subsequently, is more useful for the analysis of the trade-off .between profitability and risk SECTION 2, TRADE_ OFF BETWEEN PROFITABILITY AND RISK In evaluating a firms NWC position an important consideration is the trade-off between profitability and risk. IN other words, the level of NWC has a bearing on profitability as well as risk. The term profitability used in this context is measured by profits after expense. The term risk is defined as the probability that a firm will become technically insolvent so that it will not be able to meet its .obligations when they become due for payment The risk of becoming technically insolvent is measured using NWC. It is assumed that the greater the amount of NWC, the less riskprone the firm is. Or, the greater the NWC, the more liquid is the firm and, therefore, the less likely it is to become technically insolvent. Conversely, lower of NWC and liquidity are associated with increasing levels of risk. The relationship between liquidity, NWC and risk is such that if either NWC or liquidity increases, the .firm’s risk decreases Nature of Trade-off If a firm wants to increase its profitability, it must also increase its risk. If it is to decrease risk, it must decrease profitability. The tradeoff between these variables is that regardless of how the firm increases its profitability through the manipulation of working capital, the consequence is a corresponding increase is a .corresponding increase in risk as measured by the level of NWC The effects of changing current assets and current liabilities on profitability-risk trade-off are discussed first and subsequently they have been integrated into an overall theory of working capital .management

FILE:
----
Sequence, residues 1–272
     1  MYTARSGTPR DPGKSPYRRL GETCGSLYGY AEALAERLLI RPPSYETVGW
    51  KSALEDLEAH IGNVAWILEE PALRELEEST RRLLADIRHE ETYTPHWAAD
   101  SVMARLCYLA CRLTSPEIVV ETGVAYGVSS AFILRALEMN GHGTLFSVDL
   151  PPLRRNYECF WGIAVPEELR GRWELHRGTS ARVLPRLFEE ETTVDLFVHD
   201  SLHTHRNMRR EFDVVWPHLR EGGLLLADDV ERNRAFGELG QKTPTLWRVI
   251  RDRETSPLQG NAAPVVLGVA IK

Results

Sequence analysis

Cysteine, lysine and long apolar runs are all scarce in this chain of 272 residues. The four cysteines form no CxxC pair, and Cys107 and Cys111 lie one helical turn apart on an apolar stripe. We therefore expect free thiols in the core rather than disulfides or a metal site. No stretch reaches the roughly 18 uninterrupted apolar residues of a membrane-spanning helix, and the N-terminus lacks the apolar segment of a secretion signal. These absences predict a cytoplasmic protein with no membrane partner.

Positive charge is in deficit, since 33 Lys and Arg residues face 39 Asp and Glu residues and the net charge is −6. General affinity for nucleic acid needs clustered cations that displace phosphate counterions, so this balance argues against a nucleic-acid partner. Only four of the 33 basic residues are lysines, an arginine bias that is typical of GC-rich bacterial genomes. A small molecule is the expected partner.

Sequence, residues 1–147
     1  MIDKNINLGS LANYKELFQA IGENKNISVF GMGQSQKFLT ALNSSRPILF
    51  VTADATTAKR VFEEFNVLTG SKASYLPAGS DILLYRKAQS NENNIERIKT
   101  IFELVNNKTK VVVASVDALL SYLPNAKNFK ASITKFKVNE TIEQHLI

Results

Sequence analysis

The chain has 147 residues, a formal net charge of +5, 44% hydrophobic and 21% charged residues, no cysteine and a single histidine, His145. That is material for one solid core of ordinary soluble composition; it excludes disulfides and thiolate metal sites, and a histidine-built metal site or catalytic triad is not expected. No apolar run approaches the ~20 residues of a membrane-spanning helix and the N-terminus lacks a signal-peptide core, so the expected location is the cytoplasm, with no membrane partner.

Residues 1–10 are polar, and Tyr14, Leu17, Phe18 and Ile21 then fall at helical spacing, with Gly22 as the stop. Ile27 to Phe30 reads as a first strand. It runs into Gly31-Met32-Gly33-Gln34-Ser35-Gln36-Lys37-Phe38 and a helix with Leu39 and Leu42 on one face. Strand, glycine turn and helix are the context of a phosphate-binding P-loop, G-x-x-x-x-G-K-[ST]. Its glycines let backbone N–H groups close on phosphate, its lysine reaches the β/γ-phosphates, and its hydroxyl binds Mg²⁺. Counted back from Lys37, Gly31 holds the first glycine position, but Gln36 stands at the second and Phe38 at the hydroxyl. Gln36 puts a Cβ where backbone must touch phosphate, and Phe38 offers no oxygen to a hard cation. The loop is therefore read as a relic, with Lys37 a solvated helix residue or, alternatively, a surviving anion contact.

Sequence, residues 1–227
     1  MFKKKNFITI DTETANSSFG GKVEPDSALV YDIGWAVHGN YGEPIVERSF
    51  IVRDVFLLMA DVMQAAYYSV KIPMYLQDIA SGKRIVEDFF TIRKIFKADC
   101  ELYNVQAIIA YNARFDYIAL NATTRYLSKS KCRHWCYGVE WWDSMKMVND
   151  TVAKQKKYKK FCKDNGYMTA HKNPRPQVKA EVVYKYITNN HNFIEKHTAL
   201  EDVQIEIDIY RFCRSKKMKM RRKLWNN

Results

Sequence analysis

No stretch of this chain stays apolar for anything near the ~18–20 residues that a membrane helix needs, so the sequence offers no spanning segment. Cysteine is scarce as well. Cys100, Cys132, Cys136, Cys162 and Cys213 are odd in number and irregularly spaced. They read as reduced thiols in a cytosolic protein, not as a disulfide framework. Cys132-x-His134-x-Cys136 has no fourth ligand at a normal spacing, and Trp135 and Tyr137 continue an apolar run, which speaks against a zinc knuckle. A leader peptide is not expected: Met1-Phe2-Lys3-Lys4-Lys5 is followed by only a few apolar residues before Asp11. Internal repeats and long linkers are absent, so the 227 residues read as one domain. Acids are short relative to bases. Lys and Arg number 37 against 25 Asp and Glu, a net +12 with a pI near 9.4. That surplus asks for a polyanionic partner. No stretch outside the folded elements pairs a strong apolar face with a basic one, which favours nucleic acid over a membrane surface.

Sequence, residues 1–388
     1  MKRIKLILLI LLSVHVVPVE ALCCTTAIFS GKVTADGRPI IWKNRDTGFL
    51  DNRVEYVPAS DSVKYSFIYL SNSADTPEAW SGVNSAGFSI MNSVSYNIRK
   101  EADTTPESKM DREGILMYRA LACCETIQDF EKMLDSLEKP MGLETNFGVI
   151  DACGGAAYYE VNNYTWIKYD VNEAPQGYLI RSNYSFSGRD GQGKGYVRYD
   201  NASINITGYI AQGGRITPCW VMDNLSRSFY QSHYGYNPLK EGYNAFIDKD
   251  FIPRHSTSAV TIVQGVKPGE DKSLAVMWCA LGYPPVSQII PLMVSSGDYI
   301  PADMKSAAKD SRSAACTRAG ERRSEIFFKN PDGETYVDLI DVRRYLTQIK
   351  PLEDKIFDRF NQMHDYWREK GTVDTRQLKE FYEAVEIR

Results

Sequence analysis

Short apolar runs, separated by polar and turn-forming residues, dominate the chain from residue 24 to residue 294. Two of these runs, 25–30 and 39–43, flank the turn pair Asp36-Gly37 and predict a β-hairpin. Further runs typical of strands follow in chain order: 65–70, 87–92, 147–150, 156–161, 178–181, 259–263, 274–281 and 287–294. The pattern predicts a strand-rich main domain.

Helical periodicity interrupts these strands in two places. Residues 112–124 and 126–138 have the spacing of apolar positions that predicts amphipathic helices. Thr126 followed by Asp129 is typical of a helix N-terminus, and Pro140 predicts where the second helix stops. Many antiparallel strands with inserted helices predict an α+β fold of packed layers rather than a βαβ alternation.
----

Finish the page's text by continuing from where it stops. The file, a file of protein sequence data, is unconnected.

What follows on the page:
In evaluating the profitability-risk trade-off related to the level of NWC, three basic assumptions, which are generally true, are : (i) that we are dealing with a manufacturing firm; (i) that we are dealing with a manufacturing firm: (ii) that current assets are less profitable than fixed assets; and (iii) that short-term funds are less .expensive than long-term funds Effect of the level of current assets on the profitability-risk trade-off The effect of the level of current assets on profitability-risk and trade-off can be shown, using the ratio of current assets to total assets. This ration indicates the percentage of total assets that are in the form of current assets. A change in the ration will reflect a change in the amount of current assets. It may either increase or .decrease Effect of Higher Ratio An increase in the ratio increase / of current assets to total assets will leads to a decline in profitability because current assets are assumed to be less profitable than fixed assets. A second effect of the increase in the ratio will be that the risk of technical insolvency insolvency would also decrease because the increase in current assets, assuming no change in current liabilities, will increase NWC. This is shown in example 26.1 .Balance sheet of Hypothetical ltd Asset Amount (in lacks) Amount current assets Fixed assets Rs. 3,200 4,800 6,000 14,000 14,000 current liabilities Rs 5,400 Long-term debt 8,600 Equity capital Liabilities